I thought I was unique

Wanting to escape from my current circumstances, I went on a barrage of reading all the books recommended books from my book club. Night after night, I returned to the habits of my 10 year old self—reading with my light until my eyes couldn’t see anymore and diving into another’s imagination.

The other day, I started A Hypocrite in a Pouffy White Dress—a fellow book club member had described it as a girl who had trouble fitting in at school. All things that I identified with. When the book club member asked who wanted to read it, I paused for a moment scanning the moment and crazily shot my hand up in the air.

As people passed the book to me, I immediately regretted my earlier decision to take on a memoir about rape and another memoir about living in Afghanistan. Of course, I’ll find more in common with a misfit! An outcast just like me!!!

I expected the memoir from Susan Jane Gilman to recall events of the usual misunderstood child—the kind that was obviously destined to be an outcast both in youth and adult. The kind that…perhaps the teasing was well-warranted. During the first several chapters, to my horror, she had similar experiences as I did as a kid. Or at least my horrible clothing incident.

She had written:

The belt was a hand-me-down from my baby-sitter,” I said to the girls.

As soon as I said this, their faces illuminated like flashbulbs, exploding with bright malice and gleeful disbelief.

“A hand-me-down!” Courtney cried. “Eeeeeeeeew!”

For years, I had always thought it was just me that endured cruelty. As I went through my teens and college years, I always attributed my incident to being misunderstood. Why I was one of the few Asians in Lafayette. Or that my parents never thought to dress their children in designer clothes—and why would such purchases be deem necessary if there are sales at JC Penny and Macys? Or better yet, why can’t my parents bring clothes from Hong Kong where the currency exchange rates made clothing cheaper overseas than in the United States? Why not?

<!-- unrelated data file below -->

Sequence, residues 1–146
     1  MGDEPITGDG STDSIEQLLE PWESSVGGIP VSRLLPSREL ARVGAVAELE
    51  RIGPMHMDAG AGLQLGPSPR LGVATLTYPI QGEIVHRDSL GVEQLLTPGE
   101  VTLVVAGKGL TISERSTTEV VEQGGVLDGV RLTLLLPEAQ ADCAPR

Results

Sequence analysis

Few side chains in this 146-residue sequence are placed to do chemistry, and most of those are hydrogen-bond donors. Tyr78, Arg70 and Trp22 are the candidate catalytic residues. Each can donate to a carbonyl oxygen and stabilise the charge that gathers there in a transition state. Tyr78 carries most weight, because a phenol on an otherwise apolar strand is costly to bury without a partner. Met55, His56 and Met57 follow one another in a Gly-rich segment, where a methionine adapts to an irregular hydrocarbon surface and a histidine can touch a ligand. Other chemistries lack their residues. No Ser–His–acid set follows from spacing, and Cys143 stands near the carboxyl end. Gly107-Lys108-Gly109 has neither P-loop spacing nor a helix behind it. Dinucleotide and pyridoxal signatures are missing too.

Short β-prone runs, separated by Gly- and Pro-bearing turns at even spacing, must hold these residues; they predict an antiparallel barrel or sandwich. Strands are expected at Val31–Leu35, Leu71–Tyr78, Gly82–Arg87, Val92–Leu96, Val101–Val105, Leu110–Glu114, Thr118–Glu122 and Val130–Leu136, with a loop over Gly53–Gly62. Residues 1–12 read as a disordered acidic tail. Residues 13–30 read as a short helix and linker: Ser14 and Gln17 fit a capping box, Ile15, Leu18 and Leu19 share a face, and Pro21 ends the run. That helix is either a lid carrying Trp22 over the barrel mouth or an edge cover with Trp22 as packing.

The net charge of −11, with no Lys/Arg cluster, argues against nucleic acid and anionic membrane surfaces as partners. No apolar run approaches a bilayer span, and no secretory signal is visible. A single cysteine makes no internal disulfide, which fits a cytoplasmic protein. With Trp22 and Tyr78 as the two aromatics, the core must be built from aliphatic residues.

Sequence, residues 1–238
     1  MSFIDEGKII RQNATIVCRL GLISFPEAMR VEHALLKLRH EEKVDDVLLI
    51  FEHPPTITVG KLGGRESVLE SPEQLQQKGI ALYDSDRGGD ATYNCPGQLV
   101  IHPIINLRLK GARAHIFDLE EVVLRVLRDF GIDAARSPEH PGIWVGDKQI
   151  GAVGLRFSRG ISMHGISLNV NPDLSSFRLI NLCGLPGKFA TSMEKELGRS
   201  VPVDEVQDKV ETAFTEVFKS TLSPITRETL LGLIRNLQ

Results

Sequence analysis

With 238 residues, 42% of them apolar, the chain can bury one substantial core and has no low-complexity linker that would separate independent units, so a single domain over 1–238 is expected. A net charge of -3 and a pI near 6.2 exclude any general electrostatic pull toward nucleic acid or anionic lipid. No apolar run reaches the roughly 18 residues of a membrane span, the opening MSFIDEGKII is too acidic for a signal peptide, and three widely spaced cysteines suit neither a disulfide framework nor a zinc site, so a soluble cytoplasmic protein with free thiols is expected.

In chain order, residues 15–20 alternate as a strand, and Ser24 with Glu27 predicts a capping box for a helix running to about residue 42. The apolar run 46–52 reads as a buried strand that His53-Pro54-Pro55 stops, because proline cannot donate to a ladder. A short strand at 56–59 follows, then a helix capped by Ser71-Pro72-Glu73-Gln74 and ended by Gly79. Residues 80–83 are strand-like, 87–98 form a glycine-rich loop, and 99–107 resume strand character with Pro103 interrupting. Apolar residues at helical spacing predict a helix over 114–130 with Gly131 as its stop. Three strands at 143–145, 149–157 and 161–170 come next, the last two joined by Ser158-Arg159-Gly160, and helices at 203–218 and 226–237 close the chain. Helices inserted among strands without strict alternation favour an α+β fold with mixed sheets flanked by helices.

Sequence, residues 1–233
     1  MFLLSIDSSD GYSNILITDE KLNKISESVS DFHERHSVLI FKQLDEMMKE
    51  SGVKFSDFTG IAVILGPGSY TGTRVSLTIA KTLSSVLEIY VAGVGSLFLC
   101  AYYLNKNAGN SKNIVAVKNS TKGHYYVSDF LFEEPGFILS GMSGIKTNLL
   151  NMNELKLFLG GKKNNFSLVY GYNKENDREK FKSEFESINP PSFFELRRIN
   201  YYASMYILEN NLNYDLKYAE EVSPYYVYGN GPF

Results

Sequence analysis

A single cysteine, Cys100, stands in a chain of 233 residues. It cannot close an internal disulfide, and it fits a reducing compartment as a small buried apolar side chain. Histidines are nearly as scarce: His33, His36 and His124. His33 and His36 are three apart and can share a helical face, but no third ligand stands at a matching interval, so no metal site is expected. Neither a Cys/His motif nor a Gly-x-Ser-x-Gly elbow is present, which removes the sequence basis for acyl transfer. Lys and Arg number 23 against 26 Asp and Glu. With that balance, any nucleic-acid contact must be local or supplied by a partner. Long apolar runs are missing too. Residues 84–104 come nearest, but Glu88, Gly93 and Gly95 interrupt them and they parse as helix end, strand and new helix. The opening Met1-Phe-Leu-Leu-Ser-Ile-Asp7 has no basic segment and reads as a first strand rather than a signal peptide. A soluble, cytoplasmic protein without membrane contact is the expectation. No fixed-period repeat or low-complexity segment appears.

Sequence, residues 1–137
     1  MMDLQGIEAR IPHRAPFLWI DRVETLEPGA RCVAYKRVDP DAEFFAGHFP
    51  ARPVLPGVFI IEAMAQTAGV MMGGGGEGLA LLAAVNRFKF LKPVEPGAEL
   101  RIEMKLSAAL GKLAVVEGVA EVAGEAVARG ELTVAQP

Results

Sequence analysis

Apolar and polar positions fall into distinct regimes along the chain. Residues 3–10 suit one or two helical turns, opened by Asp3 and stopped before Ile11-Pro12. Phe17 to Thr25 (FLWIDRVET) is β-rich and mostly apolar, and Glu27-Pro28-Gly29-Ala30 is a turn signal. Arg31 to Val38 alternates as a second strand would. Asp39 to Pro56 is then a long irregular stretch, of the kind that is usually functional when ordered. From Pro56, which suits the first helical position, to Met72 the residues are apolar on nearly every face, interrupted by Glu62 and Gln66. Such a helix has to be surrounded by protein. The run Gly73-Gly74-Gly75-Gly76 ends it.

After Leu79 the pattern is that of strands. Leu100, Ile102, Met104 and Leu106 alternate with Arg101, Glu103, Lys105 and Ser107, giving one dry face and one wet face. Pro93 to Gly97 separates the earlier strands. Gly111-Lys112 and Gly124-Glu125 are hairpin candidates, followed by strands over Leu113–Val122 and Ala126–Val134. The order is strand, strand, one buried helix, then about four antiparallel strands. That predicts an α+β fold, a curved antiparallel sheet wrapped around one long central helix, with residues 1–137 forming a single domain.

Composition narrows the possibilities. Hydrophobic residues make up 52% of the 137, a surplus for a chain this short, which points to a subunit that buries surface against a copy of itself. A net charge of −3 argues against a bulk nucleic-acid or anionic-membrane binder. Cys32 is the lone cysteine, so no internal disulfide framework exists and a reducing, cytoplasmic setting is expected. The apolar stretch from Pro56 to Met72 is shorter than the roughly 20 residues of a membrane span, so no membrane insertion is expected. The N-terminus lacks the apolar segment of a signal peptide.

But in that combination in the dark night reading the memoir, I realized that there were probably thousands even millions of kids made fun of…on superficiality. Not because I was not white. Well simply put, it was kids who didn’t like people who were drastically different.

As I finished the memoir, I sulked with a despair that I didn’t take advantage of my misfit-ness. My natural introversion and the outcast-ness made me more passive and quiet rather than the outspoke feminist with many impulsive decisions.

There was another memoir I started reading about a girl who was made fun of all throughout elementary school. She apparently had normal parents, but just couldn’t fit in at school. The whole memoir was structured around her experiences as a child and a return to the reunion. The pressure, the climax of the plot was about her returning to face her childhood “enemies”. I couldn’t get past the first 30 pages. Sure there was the redemption discovering that people change, but where was the awareness to be something more than an outcast and try to do something about it?

Like the author of the hypocrite in a pouffy white dress, I eventually embraced my own outcast-ness. At the end of 6th grade, I defiantly decided my motto would be: “Don’t be normal. Be different.”

In some way it’s a lie, I always attempt to be accepted—maybe my weakness. But if someone made the attempt to tell me that there was someone like me in another city, another country, another world…I would say, “No. I think I am unique.”

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